This worked pretty well when she could see and think ok and throw out the salvaged legs as they also developed holes.

As she got older, it didn't work so well. Dressing up to go somewhere involved a long and frustrating process of digging blindly through tangled black hosiery and trying to find a pair that matched and were still good.

I would have loved to go buy her half a dozen new pairs of black stockings that she could put on with confidence after we threw out all the old ones.

She very emphatically didn't want me involved in this.

Now, I wonder a lot of things, about this issue and many more.  Was preserving her independence really the important thing?  Should I have been more pushy?  Was there a magic way I could have made this stocking issue easier for her without making her feel like I was taking over?  Was it all about me being the rescuer?  Did it matter, really?

Or do I think about stockings because I know I could have rescued her from that inconvenience?  Because I most certainly couldn't rescue her sight, her hearing, her health, or her mind.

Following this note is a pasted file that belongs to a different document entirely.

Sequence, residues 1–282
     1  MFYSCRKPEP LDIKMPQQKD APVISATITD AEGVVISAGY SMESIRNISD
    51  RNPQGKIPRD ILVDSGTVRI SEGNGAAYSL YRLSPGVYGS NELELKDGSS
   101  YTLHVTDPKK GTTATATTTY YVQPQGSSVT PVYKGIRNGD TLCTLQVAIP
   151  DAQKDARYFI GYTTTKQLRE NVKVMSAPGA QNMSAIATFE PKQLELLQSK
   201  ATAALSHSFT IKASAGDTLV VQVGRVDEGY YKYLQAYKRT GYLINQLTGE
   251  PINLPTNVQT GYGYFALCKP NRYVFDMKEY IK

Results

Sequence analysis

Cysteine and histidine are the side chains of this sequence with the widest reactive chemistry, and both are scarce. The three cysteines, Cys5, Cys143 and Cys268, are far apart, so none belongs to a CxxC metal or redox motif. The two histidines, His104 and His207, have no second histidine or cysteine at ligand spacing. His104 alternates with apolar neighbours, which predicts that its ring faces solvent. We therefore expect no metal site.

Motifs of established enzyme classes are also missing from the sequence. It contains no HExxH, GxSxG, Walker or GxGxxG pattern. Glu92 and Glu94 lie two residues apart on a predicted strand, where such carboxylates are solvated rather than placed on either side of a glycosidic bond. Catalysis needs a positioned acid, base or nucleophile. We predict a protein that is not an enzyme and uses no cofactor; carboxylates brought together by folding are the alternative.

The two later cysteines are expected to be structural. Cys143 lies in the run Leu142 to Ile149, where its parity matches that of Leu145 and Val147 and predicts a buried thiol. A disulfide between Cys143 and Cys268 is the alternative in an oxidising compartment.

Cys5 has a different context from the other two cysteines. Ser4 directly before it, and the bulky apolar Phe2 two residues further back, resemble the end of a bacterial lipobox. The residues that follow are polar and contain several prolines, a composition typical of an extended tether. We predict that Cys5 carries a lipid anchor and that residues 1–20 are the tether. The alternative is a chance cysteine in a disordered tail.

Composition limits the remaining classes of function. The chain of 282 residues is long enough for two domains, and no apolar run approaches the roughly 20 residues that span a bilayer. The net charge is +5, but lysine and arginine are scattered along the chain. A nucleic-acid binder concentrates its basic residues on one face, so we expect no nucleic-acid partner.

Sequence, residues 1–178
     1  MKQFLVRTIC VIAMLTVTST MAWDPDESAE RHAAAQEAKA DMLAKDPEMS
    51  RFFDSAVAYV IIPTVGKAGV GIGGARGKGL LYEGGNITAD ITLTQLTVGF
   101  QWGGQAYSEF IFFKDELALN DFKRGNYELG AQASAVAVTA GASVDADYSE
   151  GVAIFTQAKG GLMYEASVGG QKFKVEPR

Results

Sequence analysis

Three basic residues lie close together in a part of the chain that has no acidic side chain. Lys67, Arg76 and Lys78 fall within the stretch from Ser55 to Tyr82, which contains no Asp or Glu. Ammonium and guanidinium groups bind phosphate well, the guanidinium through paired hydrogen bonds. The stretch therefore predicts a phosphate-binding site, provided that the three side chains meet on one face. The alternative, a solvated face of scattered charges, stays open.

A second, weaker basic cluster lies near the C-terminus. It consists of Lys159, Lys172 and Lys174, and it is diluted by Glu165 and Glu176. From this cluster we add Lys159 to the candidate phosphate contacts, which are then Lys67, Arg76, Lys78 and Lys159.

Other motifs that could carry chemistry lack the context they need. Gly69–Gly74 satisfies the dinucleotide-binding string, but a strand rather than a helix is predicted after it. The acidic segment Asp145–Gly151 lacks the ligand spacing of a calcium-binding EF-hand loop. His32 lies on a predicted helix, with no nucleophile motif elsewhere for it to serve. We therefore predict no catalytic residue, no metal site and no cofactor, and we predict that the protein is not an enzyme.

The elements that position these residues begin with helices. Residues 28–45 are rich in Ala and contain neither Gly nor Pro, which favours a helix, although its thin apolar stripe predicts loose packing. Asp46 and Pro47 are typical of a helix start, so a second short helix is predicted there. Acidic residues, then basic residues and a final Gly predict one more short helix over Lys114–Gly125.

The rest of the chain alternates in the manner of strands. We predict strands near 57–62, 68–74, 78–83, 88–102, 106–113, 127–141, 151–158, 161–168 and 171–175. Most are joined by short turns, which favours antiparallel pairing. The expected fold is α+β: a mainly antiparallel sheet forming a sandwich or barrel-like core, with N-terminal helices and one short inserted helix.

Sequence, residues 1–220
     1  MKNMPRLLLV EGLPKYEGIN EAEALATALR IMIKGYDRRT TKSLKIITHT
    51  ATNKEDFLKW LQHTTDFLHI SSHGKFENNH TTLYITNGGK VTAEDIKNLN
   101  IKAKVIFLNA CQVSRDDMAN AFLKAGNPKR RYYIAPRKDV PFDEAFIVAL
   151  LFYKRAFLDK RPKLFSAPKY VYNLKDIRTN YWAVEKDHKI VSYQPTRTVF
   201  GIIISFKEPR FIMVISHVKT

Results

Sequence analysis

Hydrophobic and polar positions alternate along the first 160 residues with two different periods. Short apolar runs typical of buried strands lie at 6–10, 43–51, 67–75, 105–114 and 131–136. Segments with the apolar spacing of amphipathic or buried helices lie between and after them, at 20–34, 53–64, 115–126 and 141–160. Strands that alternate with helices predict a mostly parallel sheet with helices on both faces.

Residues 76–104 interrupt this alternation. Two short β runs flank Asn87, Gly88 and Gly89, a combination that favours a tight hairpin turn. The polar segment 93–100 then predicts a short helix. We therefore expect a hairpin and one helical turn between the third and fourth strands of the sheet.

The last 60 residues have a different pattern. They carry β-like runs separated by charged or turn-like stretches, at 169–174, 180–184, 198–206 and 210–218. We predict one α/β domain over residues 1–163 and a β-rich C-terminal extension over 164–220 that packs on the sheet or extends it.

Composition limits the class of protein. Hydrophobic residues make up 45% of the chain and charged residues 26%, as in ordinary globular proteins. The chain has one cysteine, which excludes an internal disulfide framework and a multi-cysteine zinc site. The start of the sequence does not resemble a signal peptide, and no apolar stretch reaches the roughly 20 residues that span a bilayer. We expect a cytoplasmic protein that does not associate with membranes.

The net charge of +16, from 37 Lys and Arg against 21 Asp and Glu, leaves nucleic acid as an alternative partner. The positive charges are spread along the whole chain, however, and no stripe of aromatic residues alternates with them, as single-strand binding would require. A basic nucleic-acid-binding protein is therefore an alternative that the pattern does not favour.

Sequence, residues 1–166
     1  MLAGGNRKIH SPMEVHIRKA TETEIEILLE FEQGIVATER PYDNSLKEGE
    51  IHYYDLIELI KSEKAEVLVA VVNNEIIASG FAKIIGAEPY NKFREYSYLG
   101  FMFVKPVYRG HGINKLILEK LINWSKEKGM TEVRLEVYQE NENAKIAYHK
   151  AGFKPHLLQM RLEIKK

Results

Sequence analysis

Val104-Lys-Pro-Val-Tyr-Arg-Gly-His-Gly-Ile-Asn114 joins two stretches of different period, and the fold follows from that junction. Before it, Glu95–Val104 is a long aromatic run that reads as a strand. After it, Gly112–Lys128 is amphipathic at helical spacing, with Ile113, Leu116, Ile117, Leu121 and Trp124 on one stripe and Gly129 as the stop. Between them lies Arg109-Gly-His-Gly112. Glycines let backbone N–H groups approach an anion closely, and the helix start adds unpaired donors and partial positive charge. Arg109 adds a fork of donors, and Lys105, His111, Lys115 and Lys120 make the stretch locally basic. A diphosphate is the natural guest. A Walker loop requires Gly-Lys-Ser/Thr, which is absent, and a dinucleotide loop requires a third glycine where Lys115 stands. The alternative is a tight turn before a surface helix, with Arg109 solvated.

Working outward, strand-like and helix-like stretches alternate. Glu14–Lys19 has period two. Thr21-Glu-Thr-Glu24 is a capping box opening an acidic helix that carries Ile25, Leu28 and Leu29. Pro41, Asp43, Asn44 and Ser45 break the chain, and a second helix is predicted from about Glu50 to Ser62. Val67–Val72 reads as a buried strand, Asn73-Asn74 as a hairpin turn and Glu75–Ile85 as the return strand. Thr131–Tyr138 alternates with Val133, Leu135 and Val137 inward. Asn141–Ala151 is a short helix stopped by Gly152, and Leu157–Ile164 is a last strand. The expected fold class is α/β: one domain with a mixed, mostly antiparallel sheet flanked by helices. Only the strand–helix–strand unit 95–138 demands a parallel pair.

And that was truly painful.

 "Everyone grieves in their own way," says Anita.  "It's ok."

Sunday, December 15, 2013

Laying to Rest Isn't Easy

"I am happy that Dorcas's mom is in Heaven," said a friend who stopped in the other day, to Paul.  "But I'm sad that there won't be more stories about her."

I wasn't in on this conversation because I was taking a nap.  In my dreams I heard this voice that wasn't any of my girls but I didn't wake up enough to come see what was going on.

It turned out to be my old friend Judy, who was supposed to meet someone at Uncle James's down the road, but they weren't there, so she came here to use the phone and also talked with Paul for a few minutes.  It says something about my completely exhausted state that I didn't recognize Judy's voice and slept through the conversation.

Getting old is complicated, and so is dying.  Losing someone and laying them to rest is never convenient, and it is phenomenally exhausting in body, soul, and spirit.

So I have been staying home and sleeping a lot.

"How was your trip to Minnesota?" people ask.  "And the funeral?"

When you lose someone you love, you wish the world would slow down, hush, turn gentle and nice.  You want the weather to be sunny and the roads clear and the volume turned way down on the airport announcements from the chief of police of the Port of Portland telling you to watch for unattended baggage, and all the chatty folks to, at the very least, not ask you any questions that require thought.

You want the world to come give you a hug and a cup of tea.  That's all.  You want someone else to figure out rides.  You don't want the phone to ring unless it's your friend Jean saying she's bringing supper.